After 5 weeks of visiting family, shuffling through airports with a toddler and an infant, and trying to keep my business alive, our little family of four packed up and squeezed into the van for a “do-nothing” trip to the White Mountains.
For about a week or two before I had been having headaches and wasn’t feeling well. I had intense low back pains and at one point told my husband that I felt like something was seriously wrong with me to which he joked, “maybe I knocked you up again.”
“Haha, very funny. Not possible.” I curtly replied.
And then there I was, sitting in the loft of the condo working when vertigo and the “you haven’t eaten enough protein”nauseous growl came roaring from my stomach.
You know how I know what that sounds and feels like? Pregnancy.
I had only ever felt it in two other seasons of my life. The two other 9-month-stints of growing a baby inside of me. And I knew. I knew before the words even left my mouth, before I did anything. “I’ve… gotta go.” I told my husband as I grabbed the keys and ran to the closest store to pick up a test just to try to prove myself wrong. And after that 3-minute wait, the line was darker than the night sky.
Don’t get me wrong. We both wanted more kids. In fact, I was working on writing my online pregnancy course up in that condo loft when I got dizzy. I’m kind of a birth junky in a way, pseudo-doula to friends, and tend to get a high just thinking about new life.
I just didn’t expect it. Thought it wasn’t possible.
But it was. And despite all the research, all the love of labor stories, or even tall tales of horrible birthing experiences, no one told me how hard growing a third fetus inside of me would ever be.
But even not finding out I was pregnant until I was almost 10 weeks pregnant, I can still honestly say I was miserable from day one with baby number three.
I expressed this misery with my midwife. She laughed, “Number three is really hard. It is for most women.”
“WHAT?!” I screamed inside my own head. “No one told me this. No one warned me!”
“It’s like planting tomatoes,” she continued. “The first year, you can plant tomatoes anywhere. They will grow and they are hardy. The next year, you feel good about growing them, but it takes a little more work. But the third year, if you don’t feed them and nourish them, and give them lots of attention, you’ll get squishy tomatoes.”
Wait. Squishy tomatoes? Was she talking about me or the baby, maybe both?
Either way, I got it. I completely understood. I would have to be healthy, I would have to stay active, and even so I would still have to work hard for the third baby.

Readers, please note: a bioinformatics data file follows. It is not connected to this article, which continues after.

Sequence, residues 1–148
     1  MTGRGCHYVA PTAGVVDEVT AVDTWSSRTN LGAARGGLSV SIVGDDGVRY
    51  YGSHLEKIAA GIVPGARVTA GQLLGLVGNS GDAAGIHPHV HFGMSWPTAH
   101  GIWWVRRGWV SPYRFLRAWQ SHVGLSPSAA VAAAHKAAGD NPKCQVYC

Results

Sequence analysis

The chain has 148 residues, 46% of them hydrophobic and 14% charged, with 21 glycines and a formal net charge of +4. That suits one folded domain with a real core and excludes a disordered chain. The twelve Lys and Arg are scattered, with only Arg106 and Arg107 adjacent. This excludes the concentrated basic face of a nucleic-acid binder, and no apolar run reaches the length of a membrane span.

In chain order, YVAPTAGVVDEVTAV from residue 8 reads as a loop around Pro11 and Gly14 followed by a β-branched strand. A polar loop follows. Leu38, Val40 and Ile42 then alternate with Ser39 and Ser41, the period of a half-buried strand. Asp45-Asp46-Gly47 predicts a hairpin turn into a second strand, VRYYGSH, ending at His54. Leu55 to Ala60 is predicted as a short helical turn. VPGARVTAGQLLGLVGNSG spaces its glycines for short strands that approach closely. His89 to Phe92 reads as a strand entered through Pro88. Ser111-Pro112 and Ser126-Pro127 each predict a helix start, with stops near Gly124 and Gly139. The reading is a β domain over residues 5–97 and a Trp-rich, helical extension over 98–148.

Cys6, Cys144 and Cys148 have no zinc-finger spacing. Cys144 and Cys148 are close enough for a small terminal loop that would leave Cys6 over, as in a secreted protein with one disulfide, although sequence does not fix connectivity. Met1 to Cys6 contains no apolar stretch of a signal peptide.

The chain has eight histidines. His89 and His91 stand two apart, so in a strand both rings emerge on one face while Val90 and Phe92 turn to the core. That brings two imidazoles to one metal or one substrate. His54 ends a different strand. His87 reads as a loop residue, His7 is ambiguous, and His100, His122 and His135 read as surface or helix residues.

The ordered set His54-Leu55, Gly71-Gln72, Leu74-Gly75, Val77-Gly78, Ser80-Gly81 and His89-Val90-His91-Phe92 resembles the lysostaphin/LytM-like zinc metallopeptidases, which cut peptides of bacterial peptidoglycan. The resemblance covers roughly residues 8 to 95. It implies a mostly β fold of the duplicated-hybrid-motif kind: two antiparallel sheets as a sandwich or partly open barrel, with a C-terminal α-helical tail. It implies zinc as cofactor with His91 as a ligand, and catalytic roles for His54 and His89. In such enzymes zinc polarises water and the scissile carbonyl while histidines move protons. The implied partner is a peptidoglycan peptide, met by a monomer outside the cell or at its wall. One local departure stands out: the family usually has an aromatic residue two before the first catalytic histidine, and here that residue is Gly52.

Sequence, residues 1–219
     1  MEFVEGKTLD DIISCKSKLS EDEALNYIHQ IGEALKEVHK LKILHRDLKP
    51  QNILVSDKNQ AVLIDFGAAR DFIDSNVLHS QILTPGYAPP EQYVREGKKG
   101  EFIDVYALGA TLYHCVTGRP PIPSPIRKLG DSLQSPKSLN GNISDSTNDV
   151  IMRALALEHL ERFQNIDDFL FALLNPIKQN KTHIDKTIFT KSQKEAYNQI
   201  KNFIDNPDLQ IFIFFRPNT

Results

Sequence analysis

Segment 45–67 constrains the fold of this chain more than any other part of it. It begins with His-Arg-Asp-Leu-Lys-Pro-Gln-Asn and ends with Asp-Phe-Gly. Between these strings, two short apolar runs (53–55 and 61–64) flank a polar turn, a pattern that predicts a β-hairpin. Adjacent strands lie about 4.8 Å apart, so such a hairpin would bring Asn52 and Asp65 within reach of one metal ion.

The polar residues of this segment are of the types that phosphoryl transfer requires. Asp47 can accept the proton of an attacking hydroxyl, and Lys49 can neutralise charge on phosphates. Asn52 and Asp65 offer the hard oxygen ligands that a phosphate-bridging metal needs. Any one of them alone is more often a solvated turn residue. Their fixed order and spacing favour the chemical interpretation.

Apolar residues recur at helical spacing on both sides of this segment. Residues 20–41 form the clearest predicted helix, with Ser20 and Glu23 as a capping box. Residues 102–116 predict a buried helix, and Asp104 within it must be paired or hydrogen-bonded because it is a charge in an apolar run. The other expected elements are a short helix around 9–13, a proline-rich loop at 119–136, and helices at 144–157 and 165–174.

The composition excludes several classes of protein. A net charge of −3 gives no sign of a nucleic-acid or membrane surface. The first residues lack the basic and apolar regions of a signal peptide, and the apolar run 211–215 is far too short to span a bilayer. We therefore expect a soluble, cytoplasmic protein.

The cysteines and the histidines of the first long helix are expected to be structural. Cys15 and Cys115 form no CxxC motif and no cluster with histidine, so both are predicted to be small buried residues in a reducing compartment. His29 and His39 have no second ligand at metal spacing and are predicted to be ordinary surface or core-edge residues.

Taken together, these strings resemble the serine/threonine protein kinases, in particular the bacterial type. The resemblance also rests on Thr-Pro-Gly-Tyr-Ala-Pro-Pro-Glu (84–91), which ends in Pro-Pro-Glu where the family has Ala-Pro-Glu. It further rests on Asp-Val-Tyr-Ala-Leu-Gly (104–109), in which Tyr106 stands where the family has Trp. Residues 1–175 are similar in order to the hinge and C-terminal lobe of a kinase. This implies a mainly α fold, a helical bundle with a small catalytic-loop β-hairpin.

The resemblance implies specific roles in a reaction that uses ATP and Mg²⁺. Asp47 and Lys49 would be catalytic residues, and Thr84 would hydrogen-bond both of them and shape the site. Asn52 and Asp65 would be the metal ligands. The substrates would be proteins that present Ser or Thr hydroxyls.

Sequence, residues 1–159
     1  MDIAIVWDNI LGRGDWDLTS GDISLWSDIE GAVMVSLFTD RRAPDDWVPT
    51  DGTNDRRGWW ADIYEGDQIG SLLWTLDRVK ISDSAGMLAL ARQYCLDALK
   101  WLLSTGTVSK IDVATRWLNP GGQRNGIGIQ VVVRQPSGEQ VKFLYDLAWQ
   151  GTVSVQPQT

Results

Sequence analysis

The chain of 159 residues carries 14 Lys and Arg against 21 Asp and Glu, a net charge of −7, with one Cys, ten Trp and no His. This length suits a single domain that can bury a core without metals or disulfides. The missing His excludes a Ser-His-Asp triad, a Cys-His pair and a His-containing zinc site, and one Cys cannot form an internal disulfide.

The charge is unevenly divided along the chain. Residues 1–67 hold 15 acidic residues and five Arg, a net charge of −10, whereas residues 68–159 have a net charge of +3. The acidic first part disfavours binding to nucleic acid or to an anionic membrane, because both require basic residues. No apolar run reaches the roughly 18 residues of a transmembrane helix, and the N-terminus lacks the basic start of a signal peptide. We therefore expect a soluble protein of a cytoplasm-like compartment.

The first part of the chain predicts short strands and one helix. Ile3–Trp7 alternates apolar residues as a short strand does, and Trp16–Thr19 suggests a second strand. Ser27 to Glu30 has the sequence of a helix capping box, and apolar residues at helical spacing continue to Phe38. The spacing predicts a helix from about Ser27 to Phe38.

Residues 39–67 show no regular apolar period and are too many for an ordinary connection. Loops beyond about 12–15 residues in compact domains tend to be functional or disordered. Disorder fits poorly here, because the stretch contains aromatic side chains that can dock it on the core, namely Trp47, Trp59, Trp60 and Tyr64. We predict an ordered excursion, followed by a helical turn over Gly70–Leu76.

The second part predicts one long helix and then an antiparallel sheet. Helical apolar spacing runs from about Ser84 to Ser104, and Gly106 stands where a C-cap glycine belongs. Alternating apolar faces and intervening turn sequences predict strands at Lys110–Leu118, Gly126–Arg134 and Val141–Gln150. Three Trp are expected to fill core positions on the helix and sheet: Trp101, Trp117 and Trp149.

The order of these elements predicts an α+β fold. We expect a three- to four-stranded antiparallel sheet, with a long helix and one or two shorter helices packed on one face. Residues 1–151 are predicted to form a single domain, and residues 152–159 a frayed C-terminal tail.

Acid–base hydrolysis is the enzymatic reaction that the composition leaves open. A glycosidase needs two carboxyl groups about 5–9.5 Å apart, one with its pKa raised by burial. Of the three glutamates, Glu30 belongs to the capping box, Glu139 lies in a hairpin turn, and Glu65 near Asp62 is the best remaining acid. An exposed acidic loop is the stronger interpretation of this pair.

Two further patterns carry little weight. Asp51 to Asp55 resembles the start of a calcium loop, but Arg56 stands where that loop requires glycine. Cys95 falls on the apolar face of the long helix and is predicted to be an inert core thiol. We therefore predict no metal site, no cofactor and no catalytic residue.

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Why the third pregnancy is the hardest
It is true that not a single person prepared me for how hard the 3rd pregnancy is both physically and mentally. Now I feel like it is my duty to inform every person I could possibly meet that has two kids that number three is no cake walk. It’s not the rainbows and sunshine like expecting your first with giddiness and eager anticipation. My second child was a difficult pregnancy. But nothing like the third.
And now that I am spreading the word, I feel like other moms are coming clean too. It’s hard!
But let me first say… I haven’t experienced a fourth pregnancy yet. But from what I have heard when chatting with women who have at least four or more kids, their third was the hardest. Their expectations and realities changed with three.
Boiling it down, basically the third pregnancy is the hardest because you have two kids and only two hands. They need you and you need you. But there’s not any rest in sight.
Small things become monumental tasks… like having to cook for everyone while already not feeling up to par.
And finally, your body just isn’t the same. I personally didn’t get stretch marks or flabby parts until baby three. (Getting back in shape after baby I know will be harder too). All those babies will suck the nutrients right out of you so prenatal vitamins become even more important make sure both mom and baby are well cared for.
How to manage during the 3rd pregnancy
Get help in whatever way you can
This means outsource laundry, house cleaning, and even dish washing. Buy paper plates if you must. Hire a babysitter or mother’s helper to watch the kids so you can take a nap in the next room or clean and nest. Whatever helps maintain some sanity is what needs to be done.
Temper your expectations
Life doesn’t get easier once the third baby is born. So learn to recognize your high energy days and utilize them for prepping freezer meals and getting the kids outside to play at a park. But know that there are many days you may not feel like doing anything but what is absolutely necessary.
Ultimately use your time wisely while letting go of the little things if you can.
Cry with them if you have to
Hormones, man. They get the best of us. So go ahead and have a temper tantrum next to your toddler. Cry with your preschooler. And have a fit with your five year old. It’s ok. This too shall pass.
Let me repeat.
This too shall pass.
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